The Web liberated information, blockchain to liberate transactions
- 13. August 2018
- Posted by: Collin Müller
- Category: Strategy
The Web democratised publishing
Before the Web, publishing and mass communication were only available to professionals with lots of capital. Today, anyone can be a mass communicator.
In former times, you needed expensive printing machines, logistics networks and broadcasting licenses to reach out to large audiences. Today, all you need is an Internet connection and a smartphone.
In the past, only a few had the means to communicate information to the masses. Today, anyone can publish information to a potential audience of billions.
Access to publishing technology and mass audiences used to be sold as a product or service. Today, publishing technology and reach is a commodity.
Without the Web, publishers and TV stations were the gatekeepers to the communication channels; they controlled who was allowed to communicate and what information was published. Today, everyone with a smartphone can publish any information on the Web without asking or paying anyone for permission.
Before the Web, intermediaries like publishers and advertising agencies had high profit margins. Today, the businesses of intermediaries in the media sector are shrinking rapidly.
Speeding up information through printing, publishing, and ultimately through the Web led to immense cultural and intellectual innovation and revolution.
Blockchain is democratising finance
Before the blockchain (even on the Web), only large financial institutions had the power to make global and/or digital financial transactions. With the blockchain, everyone can transfer digital money on a global scale.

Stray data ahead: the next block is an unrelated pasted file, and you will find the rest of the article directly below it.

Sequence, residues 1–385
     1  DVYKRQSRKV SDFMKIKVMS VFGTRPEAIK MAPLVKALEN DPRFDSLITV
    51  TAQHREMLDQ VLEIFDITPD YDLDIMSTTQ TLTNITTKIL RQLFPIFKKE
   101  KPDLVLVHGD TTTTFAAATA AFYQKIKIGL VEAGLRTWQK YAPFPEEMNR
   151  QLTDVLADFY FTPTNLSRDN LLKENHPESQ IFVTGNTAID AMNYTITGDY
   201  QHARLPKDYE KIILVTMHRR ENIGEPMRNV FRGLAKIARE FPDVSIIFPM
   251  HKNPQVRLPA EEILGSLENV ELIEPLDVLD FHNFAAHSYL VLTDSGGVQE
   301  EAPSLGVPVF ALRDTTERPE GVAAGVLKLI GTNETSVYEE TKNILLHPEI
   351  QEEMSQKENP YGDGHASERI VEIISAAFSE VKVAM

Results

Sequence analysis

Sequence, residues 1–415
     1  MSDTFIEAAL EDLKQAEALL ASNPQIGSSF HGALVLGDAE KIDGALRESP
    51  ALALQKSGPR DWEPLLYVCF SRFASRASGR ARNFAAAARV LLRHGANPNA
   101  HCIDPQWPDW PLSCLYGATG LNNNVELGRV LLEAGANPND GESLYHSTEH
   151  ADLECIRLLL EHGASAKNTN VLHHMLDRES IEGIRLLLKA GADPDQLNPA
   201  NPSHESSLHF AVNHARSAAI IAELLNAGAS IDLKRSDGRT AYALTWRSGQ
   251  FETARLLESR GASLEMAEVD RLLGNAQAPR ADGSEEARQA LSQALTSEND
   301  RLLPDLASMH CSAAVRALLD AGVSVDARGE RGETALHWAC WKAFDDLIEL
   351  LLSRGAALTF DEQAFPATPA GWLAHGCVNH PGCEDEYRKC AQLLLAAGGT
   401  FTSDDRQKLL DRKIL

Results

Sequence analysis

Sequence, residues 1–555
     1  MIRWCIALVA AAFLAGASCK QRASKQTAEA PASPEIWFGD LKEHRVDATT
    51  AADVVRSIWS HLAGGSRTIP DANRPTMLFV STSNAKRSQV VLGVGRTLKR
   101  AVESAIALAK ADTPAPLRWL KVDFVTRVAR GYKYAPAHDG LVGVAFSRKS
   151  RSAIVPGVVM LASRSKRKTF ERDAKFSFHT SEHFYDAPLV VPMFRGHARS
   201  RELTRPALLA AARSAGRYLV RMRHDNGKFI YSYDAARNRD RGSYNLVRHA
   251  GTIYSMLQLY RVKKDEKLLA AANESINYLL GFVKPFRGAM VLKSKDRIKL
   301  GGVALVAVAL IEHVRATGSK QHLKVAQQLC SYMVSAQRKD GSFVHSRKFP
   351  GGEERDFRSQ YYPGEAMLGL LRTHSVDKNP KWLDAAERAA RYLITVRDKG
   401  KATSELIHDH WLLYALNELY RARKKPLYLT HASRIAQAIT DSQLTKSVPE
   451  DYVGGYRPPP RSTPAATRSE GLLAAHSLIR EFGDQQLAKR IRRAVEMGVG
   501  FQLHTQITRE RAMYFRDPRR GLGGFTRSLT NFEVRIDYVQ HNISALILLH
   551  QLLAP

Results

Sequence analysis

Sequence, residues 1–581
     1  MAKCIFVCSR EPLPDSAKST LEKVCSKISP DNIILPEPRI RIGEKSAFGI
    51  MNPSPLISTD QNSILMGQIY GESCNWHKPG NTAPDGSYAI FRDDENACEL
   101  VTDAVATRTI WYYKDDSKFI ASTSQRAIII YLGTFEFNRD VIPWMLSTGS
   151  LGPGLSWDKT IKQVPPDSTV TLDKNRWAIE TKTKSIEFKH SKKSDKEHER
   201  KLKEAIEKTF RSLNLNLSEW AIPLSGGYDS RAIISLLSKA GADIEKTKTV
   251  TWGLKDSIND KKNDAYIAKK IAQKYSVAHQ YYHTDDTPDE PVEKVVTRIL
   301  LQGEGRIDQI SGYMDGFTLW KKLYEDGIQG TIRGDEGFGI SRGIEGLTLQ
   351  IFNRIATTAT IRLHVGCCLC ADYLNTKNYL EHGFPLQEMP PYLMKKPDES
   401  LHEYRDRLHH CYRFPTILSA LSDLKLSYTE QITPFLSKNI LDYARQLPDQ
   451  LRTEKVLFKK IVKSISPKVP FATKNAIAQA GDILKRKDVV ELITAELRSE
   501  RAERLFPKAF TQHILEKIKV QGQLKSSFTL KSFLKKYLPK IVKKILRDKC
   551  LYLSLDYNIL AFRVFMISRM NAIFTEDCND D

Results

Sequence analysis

In the past, organizations needed lots of capital and a banking license to execute digital financial transactions. Today, all you need for a digital transaction is a smartphone and a Bitcoin address.
Banks and credit card organisations used to be gatekeepers to the financial system. They controlled who had access to a checking account or a loan. With Bitcoin, everyone with access to a computer or a smartphone can take part in the digital financial system.
In former times, banks were powerful and mandatory intermediaries when companies wanted to raise equity or debts in the financial markets. Today, it is possible to raise funds on the blockchain, for example with an ICO (initial coin offering) that works entirely without banks.
Without the blockchain, banks, notaries, and similar institutions had high profit margins. The blockchain is now making them entirely obsolete.
Will the blockchain lead to financial and commercial innovation just as the Web gave rise to the information revolution? The first signs are indicating that.